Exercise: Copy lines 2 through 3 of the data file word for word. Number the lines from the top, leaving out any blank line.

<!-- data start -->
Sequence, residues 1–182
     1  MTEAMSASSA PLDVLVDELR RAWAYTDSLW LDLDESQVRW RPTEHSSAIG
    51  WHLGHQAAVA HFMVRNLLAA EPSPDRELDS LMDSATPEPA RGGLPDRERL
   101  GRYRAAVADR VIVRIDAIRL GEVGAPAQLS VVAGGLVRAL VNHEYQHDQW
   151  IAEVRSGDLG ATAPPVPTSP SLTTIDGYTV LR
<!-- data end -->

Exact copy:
     1  MTEAMSASSA PLDVLVDELR RAWAYTDSLW LDLDESQVRW RPTEHSSAIG
    51  WHLGHQAAVA HFMVRNLLAA EPSPDRELDS LMDSATPEPA RGGLPDRERL